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Honestly — Do We Truly Want to Be Free?

Did you notice how individual freedom is not the overarching story of human history? Usually, “The Many” have bent their necks to the yoke of “The Few”.  Often, they have accepted that as the order of things.

Cultures throughout history have either tolerated or endorsed slavery of one sort or another.  Some did through conquest, and direct ownership of servants — others through coercion and exploitation. Freedom is by no means humanity’s default position.

Even where traditional slavery is outlawed, social position will determine differences in someone’s personal worth, and even moral / legal accountability. The Caste System, and Feudalism are obvious examples, although others (like our own Celebrity Class) exist as well.

Living under our Western understanding of freedom, we might predict enslaved people would jump at their earliest opportunity to attain it, as with the Underground Railway, or Cuban refugees today.  But in both ancient times and modern, these seem the exceptions that prove the rule.

Remember the Jewish Exodus from scripture?

Moses showed up, promising freedom from their slavery to Pharaoh, with mixed results.  The first setback (bricks without straw) made them grumble — not against Pharaoh, but against Moses! Skip ahead to when Israel was wandering the desert, with former captors safely on the other side of a body of water. They grumbled some more.

And the people of Israel also wept again and said, “Oh that we had meat to eat! We remember the fish we ate in Egypt that cost nothing, the cucumbers, the melons, the leeks, the onions, and the garlic. But now our strength is dried up, and there is nothing at all but this manna to look at.

(Numbers 11)

They had escaped the reach of their captors, but in their hearts, and in the way they viewed themselves, they remained slaves.

They even misread their own circumstances. Had they truly eaten for free back in Egypt? Feeling the bite of the lash across their backs, toiling in the hot sun. Was it for free that they got their food? Hardly. But those few creature comforts — the ones that made slavery seem tolerable — were gone. To get them back, some were willing to return to those shackles. (Think: The Matrix and the “Blue Pill”.) They were tragically setting their own purchase price at the paltry sum of a few fish, and a couple of vegetables.  Little did they know what awaited their people beyond the Jordan.

Karl Marx once claimed that Religion was the opiate of the masses, something to keep paupers docile. Not so in Israel’s case. For Israel, the opiate was onions, fish and leeks.  “Religion” (or more properly, God) was both the initiator and instrument of their freedom.

Back then, enslaved Israel — like battered wives today — was held in check by both a carrot and a stick.  Fear of the lash on one hand, and the lure of things they thought they could not do without on the other, paralyzed them. What they needed was a rescuer; an intervention.

Tragically, that ancient generation had been so accustomed to their chains and the pressures of fear and need, they had been just as “domesticated” as a lion in a zoo.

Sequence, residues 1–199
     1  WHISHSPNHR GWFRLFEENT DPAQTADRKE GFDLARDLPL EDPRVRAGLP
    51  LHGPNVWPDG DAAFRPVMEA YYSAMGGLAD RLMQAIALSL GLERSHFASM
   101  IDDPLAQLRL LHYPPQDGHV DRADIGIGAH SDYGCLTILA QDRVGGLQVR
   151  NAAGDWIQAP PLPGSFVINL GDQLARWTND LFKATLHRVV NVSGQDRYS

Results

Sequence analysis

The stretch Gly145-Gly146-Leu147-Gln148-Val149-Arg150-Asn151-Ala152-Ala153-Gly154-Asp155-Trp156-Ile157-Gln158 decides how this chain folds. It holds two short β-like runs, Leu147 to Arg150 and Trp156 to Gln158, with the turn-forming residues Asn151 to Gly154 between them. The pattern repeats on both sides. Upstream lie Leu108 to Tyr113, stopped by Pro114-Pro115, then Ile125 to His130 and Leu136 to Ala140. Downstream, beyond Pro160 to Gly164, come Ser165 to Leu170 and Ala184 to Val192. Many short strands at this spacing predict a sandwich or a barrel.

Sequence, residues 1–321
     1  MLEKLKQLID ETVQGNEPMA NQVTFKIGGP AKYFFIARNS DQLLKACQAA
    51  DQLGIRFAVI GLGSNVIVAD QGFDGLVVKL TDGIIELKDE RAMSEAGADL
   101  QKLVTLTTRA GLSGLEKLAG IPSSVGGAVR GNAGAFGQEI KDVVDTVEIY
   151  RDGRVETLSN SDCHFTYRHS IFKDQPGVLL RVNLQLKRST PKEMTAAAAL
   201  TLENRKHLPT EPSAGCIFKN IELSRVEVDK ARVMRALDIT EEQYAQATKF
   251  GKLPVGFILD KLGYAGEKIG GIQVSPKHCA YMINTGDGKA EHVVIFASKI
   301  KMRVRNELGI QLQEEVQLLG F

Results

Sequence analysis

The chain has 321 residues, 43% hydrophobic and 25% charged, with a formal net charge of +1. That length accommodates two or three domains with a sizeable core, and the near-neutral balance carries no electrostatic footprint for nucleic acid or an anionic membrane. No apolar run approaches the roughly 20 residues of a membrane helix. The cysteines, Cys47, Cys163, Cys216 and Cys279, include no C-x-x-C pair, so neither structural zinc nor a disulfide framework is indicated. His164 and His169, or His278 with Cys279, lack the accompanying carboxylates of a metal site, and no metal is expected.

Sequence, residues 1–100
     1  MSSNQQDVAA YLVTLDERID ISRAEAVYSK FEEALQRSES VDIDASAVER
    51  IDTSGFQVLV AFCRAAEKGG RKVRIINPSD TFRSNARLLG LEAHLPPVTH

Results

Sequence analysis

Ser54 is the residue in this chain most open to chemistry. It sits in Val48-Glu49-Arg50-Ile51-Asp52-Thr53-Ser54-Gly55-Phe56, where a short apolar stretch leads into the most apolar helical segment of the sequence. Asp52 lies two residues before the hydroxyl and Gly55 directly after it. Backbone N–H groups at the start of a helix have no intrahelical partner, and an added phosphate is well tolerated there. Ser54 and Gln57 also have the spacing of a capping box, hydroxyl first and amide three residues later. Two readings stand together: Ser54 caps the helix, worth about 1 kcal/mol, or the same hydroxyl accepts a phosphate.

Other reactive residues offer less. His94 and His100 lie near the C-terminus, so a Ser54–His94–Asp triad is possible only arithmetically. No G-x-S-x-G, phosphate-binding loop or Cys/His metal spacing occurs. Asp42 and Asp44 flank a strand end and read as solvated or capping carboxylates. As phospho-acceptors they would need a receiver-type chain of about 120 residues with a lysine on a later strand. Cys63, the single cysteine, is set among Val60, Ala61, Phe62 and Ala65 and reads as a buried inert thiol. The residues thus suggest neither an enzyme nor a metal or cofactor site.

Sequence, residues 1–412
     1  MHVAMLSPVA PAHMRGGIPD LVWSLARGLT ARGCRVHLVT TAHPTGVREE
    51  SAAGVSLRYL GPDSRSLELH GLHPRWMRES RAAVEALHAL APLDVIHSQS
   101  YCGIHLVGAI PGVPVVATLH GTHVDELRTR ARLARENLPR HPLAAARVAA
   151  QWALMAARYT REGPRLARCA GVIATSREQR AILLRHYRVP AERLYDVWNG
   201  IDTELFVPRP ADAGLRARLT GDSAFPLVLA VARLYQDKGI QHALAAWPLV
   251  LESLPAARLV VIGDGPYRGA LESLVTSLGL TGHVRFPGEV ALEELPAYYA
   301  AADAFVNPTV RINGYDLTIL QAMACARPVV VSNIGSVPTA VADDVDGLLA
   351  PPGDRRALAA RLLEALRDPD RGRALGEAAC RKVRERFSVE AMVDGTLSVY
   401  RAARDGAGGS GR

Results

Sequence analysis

Does this happen here today? Of course! We may not have sugar plantation owners today, but we have a different kind of slave, doing a different job.  And people don’t mind because it seems like easy work, with a good payoff.

It’s simple: show up one Tuesday in November every fourth year, and write an “x” in the the correct box, and you have served your “massah” well.

The hoi polloi gets promised some variation of “hope” and “change”; (which apparently means food stamps and — retroactive — birth control) while the people offering the carrots get a backstage pass to the seemingly limitless personal power, influence, and wealth that life in the Beltway can offer.

Public service? National Interest? That’s cute. Now stand aside, plebe, there’s money to be made!

Moses first tasted freedom for himself.  He had lived apart from the illusion of safety that chains represented. But it took time for Israel to embrace their freedom, to savour it, and own it for themselves.  In their case, the older generation never quite came around.  It had to come from their kids.

There is a sense in which Conservatives are more individualist than their counterparts, and disinclined to activism. In some ways, that’s even understandable.

But remember, Freedom is not the dominant theme of human history.  It is vulnerable to entropy.  When taken for granted, it becomes eroded, and eventually lost. To preserve it, we must hate, and oppose all forms of slavery, however mild or extreme their outworkings may be.

To defend another person’s freedom is to preserve your own.  That idea was at the heart of the American foundations, and is near to the heart of the Christian faith that shaped it.

Freedom, in the Christian meaning, is corrosive to the chains of tyranny.  It maintains that, regardless of sex, race, social standing, or any other factor, all people have equal worth and dignity. If we are all equal, it follows that nobody is elite. Leaders are not lords.

If you enjoy and appreciate your freedoms (plural) — make use of them!  And then, encourage and assist others to lay hold of theirs, both at home and abroad.  I for one, found this TED Talk on the topic inspiring.  Maybe you will too.

Image: Courtesy of:

Wes Walker

Wes Walker is the author of "Blueprint For a Government that Doesn't Suck". He has been lighting up since its inception in July of 2012. Follow on twitter: @Republicanuck

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